Terrific. The true story of Olive Oatman- all but three of her family members were murdered by Indians and Olive and her sister Mary were taken hostage. They were traded from one tribe to another and Olive assimilated into the Mohave lifestyle after four years. She was forcibly returned to white society bearing a "blue tatoo" on her chin that forever seperates her from white society. Fascinating and haunting.
Sara Hearing
This book is a biography of the one of the well known captives of the Indians in the 1800s. The protagonist is no heroine, but her story is sure remarkable. The style of writing is at a medium pace, but is written in a third person point of view with great sources to their facts and well thought out theories.
This book is very fascinating and intriguing about this woman's life with details of her enslavement and her journey afterwards. However, this wasn't my favorite book. It may be that this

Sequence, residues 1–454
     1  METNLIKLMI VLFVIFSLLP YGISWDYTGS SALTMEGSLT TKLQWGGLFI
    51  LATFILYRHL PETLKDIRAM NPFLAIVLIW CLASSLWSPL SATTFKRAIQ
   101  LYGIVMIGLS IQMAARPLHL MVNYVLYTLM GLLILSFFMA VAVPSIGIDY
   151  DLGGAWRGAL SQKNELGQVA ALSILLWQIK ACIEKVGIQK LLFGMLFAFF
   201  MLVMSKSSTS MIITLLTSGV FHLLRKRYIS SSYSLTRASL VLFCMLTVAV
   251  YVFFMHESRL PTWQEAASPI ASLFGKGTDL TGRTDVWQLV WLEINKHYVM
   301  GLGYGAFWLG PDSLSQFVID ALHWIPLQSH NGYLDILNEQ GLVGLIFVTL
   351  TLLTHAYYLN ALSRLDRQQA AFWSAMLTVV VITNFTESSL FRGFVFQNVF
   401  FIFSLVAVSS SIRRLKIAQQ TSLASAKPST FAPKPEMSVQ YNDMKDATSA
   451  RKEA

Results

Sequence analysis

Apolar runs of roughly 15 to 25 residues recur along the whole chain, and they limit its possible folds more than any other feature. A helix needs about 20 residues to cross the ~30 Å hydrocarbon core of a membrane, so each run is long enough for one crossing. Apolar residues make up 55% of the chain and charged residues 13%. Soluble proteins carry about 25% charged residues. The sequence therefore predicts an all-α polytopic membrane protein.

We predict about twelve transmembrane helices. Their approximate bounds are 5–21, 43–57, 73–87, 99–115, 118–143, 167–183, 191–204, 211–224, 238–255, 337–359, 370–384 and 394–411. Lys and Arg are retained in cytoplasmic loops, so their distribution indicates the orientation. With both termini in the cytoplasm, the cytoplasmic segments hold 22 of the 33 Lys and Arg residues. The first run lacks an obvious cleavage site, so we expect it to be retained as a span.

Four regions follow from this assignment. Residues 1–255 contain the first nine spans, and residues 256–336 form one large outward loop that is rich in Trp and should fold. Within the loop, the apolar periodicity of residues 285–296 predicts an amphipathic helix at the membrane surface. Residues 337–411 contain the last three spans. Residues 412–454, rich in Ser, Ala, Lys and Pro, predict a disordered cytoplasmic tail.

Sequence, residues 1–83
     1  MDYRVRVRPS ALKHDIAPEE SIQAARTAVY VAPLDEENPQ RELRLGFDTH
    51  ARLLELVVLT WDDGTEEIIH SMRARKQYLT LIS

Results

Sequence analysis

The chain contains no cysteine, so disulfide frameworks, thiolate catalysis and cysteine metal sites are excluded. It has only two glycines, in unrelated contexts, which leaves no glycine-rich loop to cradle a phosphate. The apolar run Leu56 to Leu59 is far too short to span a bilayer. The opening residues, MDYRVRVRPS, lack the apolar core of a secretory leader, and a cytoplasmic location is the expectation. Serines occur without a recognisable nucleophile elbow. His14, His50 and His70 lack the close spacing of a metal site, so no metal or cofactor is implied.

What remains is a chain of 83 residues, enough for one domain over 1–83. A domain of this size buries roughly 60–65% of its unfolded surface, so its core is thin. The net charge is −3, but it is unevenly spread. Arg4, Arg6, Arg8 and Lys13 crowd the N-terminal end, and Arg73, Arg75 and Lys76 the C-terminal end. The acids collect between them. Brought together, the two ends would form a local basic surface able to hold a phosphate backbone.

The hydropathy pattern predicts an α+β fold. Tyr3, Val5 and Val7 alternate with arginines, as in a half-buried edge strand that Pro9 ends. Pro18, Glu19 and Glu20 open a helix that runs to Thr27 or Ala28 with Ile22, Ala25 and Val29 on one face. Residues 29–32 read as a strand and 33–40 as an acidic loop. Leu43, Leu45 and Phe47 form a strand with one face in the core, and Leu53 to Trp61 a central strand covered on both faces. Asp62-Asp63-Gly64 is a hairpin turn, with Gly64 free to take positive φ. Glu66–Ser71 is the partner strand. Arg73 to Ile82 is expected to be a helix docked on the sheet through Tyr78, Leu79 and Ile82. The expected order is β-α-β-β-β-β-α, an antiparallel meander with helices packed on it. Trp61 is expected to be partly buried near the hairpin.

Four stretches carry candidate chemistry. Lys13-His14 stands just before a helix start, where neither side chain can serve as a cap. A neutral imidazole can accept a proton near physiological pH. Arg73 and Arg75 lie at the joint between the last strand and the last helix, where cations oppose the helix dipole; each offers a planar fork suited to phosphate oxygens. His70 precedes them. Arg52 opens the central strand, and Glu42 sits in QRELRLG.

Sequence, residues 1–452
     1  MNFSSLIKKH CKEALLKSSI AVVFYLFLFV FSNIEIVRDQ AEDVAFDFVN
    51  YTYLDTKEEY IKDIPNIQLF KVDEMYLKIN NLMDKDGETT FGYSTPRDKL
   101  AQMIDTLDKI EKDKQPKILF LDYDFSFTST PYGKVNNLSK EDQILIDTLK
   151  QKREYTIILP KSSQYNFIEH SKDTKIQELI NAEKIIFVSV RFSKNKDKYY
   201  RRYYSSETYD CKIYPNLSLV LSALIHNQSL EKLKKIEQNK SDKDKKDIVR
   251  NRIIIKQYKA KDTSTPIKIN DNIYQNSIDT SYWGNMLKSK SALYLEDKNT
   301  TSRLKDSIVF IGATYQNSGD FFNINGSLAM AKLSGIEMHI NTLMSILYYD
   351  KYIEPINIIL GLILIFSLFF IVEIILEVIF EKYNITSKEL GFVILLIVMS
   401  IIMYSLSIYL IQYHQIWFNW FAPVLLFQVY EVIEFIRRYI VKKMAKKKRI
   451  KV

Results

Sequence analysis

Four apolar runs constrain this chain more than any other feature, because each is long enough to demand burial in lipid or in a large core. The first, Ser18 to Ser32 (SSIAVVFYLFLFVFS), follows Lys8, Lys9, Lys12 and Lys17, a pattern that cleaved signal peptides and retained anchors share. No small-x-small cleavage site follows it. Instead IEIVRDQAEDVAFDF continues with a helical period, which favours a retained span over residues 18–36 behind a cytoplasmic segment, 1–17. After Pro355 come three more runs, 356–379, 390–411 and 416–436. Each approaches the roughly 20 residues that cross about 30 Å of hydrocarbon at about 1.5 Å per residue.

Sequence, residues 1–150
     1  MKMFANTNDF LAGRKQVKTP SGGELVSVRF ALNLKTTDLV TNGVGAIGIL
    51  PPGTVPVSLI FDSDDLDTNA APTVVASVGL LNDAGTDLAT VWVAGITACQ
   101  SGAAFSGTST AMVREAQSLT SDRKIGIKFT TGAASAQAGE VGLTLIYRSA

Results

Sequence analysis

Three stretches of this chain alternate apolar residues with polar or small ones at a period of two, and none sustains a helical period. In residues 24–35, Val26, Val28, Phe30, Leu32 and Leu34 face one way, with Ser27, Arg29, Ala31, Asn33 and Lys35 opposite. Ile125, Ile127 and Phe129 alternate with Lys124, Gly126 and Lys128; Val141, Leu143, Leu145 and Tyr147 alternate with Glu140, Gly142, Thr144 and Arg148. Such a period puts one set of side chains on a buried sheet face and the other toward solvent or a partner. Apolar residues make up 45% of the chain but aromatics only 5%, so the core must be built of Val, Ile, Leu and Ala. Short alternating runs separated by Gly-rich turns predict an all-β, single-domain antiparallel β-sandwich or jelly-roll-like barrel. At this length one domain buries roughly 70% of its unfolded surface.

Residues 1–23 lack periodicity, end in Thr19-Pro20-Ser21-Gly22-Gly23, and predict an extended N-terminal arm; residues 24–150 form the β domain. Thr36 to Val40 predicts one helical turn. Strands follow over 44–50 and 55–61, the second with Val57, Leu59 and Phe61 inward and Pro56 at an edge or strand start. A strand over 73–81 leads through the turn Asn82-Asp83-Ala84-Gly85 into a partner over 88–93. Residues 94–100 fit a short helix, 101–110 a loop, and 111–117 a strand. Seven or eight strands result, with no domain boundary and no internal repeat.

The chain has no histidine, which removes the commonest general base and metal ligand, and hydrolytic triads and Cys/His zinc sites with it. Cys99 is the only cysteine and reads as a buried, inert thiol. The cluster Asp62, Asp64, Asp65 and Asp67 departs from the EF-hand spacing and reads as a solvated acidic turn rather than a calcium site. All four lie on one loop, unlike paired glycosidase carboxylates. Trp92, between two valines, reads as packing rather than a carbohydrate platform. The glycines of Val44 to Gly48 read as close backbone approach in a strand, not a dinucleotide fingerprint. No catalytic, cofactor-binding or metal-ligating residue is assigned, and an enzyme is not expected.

It started out good, like a novel. But then it went into a lot of detail about events at the time that didn't seem all that relevant...just narrative to add to the length to make it a decent "novel size". I read this book for my book club. It was not something I normally would have picked to read; however, I did enjoy reading outside my normal zone.
I really liked this on, it isn't a very thick book, but packs a lot of information into it! I had never heard of Olive Oatman before this book, but I have always had a huge interest in Native Americans/First Nations people and found this to be a well written and thought provoking read!
Erika Koneck
I really enjoyed reading this book. It's the true story of a young Morman girl traveling west with her family.

Within a decade she is a white girl living with the Indians with a chin tattoo. I think it is worth the read.